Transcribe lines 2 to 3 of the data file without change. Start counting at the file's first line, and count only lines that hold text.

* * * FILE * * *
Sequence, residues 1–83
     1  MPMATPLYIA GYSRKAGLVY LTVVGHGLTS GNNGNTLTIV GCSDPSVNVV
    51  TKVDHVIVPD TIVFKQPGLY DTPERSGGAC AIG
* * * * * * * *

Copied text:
     1  MPMATPLYIA GYSRKAGLVY LTVVGHGLTS GNNGNTLTIV GCSDPSVNVV
    51  TKVDHVIVPD TIVFKQPGLY DTPERSGGAC AIG